KUALA LUMPUR, June 19 — The High Court dismissed today a male transgender’s application to change his identity card details to reflect his new gender status as a woman, citing past precedent in its ruling.
In her ruling, High Court judge Datuk Asmabi Mohamad said she has no choice but to dismiss Vasudevan Ramoo’s application to be recognised as a female by the National Registration Department (NRD)’s director-general.
She added that her hands were “tied” as she was bound by other UK cases and a 2013 Court of Appeal decision.
“By virtue of case law, the plaintiff has failed to prove to the satisfaction of the court that he is now a female, in order to compel the defendant to change his name to his new name,” the judge said.
Asmabi noted that the National Registration Department had in 2007 issued a circular stating that an individual has to obtain a court declaration that he is a female, if a gender status change in the identity card was desired.
But the judge noted that Vasudevan has to first prove the four factors of chromosomal, gonadal, genital and psychological, in order for the court to determine if the applicant is a male or female.
The two medical reports presented by Vasudevan as evidence did not show that all four factors were fulfilled, Asmabi said, noting that they did not record the carrying out of medical procedures like penactomy, vaginoplasty and breast and buttock enlargement.
“If you check the two reports, very skeletal and the court is not able to determine if the plaintiff is a male or female just by looking at these two reports,” the judge said.
The judge was referring to a report on Vasudevan’s gender reassignment surgery in Thailand in 2012 and another report of a physical examination in Hospital Kuala Lumpur that determined that no male secondary sex characteristics were observed.
The judge was applying the legal precedent of the Court of Appeal’s 2013 decision in the Kristie Chan v National Registration Department Director-general case, which adopted the position in UK case Corbett v Corbett (1970) and the UK case Bellinger v Bellinger (2003).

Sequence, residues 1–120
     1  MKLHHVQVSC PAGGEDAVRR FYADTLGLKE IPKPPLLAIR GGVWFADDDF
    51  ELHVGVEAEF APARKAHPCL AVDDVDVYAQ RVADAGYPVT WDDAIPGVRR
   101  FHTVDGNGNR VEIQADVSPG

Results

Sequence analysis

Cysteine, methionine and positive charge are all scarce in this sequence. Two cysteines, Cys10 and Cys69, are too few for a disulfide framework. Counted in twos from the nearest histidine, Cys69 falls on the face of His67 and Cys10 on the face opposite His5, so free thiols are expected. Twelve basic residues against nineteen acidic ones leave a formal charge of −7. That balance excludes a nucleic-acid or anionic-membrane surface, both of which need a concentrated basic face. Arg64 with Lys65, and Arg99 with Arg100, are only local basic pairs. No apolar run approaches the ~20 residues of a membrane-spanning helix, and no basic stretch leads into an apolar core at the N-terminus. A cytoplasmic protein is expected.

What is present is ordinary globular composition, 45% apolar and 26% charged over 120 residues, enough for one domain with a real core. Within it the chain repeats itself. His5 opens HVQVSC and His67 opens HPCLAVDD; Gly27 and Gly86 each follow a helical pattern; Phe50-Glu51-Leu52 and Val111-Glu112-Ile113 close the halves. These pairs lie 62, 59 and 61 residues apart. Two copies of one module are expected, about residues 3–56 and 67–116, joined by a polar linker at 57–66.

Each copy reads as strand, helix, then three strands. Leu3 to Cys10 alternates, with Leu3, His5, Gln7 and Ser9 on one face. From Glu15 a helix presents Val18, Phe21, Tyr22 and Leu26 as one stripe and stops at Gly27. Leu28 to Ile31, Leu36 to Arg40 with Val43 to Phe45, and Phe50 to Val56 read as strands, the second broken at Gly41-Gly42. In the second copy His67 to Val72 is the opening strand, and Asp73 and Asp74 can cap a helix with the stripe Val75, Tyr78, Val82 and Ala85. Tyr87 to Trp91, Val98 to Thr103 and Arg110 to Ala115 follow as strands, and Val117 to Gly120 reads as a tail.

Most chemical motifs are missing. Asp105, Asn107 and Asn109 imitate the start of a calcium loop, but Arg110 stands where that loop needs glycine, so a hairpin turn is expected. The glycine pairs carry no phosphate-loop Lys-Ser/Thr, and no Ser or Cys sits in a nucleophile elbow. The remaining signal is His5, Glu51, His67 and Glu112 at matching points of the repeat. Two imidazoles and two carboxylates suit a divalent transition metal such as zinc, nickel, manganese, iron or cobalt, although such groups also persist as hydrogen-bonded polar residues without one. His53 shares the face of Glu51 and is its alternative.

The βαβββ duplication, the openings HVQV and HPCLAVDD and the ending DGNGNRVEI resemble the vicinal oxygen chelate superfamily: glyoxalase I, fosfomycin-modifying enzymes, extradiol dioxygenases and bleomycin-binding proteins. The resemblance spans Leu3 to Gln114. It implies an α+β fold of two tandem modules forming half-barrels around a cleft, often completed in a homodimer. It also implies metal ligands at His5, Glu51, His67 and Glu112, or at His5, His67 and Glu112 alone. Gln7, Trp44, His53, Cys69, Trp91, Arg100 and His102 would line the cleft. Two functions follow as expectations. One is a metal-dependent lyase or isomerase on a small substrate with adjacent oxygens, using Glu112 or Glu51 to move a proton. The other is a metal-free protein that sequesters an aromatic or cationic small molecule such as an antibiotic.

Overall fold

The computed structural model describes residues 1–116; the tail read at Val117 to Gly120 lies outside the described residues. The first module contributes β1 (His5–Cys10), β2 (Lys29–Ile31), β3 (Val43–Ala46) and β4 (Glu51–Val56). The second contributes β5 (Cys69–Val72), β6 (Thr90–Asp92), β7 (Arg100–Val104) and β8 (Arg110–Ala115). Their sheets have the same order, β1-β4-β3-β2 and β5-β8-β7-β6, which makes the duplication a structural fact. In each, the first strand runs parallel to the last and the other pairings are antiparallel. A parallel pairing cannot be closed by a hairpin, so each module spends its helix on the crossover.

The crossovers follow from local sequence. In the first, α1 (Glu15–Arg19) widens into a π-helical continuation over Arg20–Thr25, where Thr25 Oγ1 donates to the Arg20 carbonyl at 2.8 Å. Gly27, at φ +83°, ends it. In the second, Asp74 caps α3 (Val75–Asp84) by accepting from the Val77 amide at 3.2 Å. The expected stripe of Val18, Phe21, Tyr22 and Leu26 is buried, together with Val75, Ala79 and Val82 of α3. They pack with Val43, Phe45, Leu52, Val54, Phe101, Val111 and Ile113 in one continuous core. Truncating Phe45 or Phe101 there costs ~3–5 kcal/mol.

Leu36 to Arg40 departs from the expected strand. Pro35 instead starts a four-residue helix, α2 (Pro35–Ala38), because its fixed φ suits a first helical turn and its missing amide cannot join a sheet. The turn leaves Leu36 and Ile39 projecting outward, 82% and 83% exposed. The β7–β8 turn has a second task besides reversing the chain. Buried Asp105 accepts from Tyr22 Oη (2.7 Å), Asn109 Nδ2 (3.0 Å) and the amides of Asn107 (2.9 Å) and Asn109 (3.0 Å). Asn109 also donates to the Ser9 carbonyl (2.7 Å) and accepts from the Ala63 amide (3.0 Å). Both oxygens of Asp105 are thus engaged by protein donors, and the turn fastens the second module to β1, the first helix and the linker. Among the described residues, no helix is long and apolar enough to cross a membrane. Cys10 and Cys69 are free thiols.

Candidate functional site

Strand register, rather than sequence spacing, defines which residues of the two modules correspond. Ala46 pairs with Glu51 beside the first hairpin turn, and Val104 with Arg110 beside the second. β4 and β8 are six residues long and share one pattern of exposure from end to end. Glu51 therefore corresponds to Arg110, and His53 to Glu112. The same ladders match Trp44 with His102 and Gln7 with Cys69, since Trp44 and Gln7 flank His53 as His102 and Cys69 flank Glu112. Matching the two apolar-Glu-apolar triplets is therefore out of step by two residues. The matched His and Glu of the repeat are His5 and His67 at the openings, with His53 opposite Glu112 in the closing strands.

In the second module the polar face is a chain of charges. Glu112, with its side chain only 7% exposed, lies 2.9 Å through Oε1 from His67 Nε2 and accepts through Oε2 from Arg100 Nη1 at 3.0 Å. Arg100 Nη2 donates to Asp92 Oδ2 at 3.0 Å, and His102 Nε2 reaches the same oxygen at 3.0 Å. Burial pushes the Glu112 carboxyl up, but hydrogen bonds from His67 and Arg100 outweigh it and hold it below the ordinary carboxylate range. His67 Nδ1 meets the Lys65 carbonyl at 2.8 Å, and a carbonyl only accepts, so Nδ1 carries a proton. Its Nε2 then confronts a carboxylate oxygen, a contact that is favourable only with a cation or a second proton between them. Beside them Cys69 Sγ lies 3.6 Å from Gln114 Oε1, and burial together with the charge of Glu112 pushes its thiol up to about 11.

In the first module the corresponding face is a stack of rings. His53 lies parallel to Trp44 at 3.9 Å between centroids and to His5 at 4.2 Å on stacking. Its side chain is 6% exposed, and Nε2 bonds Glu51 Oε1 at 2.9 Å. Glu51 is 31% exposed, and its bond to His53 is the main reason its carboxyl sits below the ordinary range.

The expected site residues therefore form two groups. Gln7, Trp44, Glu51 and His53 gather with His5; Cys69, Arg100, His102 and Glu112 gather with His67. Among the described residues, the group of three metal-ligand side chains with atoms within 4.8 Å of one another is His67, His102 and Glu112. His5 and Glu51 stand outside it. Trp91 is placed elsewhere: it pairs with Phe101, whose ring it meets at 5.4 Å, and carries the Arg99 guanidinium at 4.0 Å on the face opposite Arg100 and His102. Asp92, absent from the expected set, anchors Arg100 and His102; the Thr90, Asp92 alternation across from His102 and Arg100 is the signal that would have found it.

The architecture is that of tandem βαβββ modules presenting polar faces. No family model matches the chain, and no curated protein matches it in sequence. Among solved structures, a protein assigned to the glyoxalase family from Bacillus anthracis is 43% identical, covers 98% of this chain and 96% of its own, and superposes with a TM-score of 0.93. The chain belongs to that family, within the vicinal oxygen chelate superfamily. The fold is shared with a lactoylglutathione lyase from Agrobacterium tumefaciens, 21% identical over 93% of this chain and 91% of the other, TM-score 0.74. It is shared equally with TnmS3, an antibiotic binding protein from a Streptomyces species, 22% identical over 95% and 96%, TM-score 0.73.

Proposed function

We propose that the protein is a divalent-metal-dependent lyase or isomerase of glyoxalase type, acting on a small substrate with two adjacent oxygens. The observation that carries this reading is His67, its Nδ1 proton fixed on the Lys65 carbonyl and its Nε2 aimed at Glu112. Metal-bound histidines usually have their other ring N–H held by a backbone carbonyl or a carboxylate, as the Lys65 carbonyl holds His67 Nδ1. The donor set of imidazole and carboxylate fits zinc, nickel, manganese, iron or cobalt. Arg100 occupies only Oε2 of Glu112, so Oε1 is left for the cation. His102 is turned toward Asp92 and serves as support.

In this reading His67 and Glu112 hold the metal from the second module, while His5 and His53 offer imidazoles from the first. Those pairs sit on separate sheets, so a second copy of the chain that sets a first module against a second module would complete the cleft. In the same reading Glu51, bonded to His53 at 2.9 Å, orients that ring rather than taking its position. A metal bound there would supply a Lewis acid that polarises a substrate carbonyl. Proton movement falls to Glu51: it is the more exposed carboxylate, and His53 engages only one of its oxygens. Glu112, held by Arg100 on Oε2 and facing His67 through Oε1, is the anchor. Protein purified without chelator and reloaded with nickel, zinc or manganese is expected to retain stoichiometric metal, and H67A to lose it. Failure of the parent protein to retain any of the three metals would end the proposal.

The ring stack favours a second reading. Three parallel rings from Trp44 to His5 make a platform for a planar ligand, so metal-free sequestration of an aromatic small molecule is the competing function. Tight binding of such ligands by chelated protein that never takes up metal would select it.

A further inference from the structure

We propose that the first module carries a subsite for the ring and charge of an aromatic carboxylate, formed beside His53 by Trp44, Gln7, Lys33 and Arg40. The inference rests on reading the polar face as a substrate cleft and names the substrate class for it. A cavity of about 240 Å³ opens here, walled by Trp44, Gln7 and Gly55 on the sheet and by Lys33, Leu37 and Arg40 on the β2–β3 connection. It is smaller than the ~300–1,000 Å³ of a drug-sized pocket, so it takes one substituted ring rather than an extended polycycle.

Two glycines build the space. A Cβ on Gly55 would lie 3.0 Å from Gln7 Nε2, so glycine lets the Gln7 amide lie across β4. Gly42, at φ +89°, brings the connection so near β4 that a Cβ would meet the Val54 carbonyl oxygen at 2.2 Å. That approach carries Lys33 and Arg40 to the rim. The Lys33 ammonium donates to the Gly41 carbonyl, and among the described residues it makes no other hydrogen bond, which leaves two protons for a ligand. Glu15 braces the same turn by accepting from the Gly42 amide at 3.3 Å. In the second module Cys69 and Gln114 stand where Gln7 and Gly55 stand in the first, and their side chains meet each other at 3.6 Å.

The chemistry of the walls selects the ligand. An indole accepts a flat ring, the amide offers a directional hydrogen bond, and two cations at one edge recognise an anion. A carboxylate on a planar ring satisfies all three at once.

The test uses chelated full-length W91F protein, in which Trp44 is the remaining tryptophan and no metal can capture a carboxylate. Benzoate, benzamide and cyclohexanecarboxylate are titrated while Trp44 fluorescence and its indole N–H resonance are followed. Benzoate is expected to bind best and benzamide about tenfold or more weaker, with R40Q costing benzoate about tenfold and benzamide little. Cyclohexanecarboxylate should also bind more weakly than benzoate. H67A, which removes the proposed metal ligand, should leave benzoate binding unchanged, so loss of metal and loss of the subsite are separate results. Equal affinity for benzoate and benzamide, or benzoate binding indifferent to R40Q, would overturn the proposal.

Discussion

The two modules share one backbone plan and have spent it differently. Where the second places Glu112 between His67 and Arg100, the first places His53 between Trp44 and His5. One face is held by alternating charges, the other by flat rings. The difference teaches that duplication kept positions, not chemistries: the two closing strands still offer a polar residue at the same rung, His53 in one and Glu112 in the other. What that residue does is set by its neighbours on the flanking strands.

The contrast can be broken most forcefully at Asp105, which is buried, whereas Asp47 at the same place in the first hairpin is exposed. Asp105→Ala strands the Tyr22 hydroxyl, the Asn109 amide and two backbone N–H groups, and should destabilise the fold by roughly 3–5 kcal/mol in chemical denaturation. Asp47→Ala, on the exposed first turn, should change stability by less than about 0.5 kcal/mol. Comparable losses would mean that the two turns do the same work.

Asmabi voiced her sympathy for Vasudevan's case and said she could not read over and above the current legal position in Malaysia.
The judge dismissed the application and ordered costs of RM3,000 to be paid by Vasudevan, whose lawyer had asked for a lesser amount than the RM6,000 sought by the Attorney-General's Chambers for the work done.
Vasudevan, 25, had through a July 2014 originating summons, sought two court orders, including a declaration from the court that he had undergone a gender reassignment surgery and is now a female.
Vasudevan also wanted an order directing the NRD director for a name change to Maha Lakshmi Ramoo in the identity card and a change in the card’s last four digits to an even number to reflect her new gender status as a female.
When asked today if his client will appeal, Vasudevan’s lawyer P. Muniswer said: “Not sure yet, haven’t got the instruction yet.”
Vasudevan, who has been diagnosed with gender dysphoria or gender identity disorder, was not present in court today. Senior federal counsel Maisarah Jauhari represented the NRD director.